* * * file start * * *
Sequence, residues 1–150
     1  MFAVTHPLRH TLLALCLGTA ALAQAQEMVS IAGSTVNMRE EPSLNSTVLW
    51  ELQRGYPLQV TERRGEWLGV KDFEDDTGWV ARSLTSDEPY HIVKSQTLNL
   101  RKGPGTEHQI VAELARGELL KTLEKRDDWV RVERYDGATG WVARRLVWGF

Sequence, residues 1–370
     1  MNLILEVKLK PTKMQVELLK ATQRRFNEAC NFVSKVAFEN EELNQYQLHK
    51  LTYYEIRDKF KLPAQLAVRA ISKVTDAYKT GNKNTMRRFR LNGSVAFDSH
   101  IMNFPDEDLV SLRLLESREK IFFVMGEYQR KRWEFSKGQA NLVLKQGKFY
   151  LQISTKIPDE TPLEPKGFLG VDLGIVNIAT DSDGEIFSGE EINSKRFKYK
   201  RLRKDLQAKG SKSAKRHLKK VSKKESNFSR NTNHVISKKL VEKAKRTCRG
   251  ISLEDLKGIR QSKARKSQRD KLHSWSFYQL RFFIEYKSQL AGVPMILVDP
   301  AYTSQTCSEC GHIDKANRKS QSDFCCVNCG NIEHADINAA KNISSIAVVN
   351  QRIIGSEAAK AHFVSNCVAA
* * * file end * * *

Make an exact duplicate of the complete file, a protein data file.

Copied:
Sequence, residues 1–150
     1  MFAVTHPLRH TLLALCLGTA ALAQAQEMVS IAGSTVNMRE EPSLNSTVLW
    51  ELQRGYPLQV TERRGEWLGV KDFEDDTGWV ARSLTSDEPY HIVKSQTLNL
   101  RKGPGTEHQI VAELARGELL KTLEKRDDWV RVERYDGATG WVARRLVWGF

Sequence, residues 1–370
     1  MNLILEVKLK PTKMQVELLK ATQRRFNEAC NFVSKVAFEN EELNQYQLHK
    51  LTYYEIRDKF KLPAQLAVRA ISKVTDAYKT GNKNTMRRFR LNGSVAFDSH
   101  IMNFPDEDLV SLRLLESREK IFFVMGEYQR KRWEFSKGQA NLVLKQGKFY
   151  LQISTKIPDE TPLEPKGFLG VDLGIVNIAT DSDGEIFSGE EINSKRFKYK
   201  RLRKDLQAKG SKSAKRHLKK VSKKESNFSR NTNHVISKKL VEKAKRTCRG
   251  ISLEDLKGIR QSKARKSQRD KLHSWSFYQL RFFIEYKSQL AGVPMILVDP
   301  AYTSQTCSEC GHIDKANRKS QSDFCCVNCG NIEHADINAA KNISSIAVVN
   351  QRIIGSEAAK AHFVSNCVAA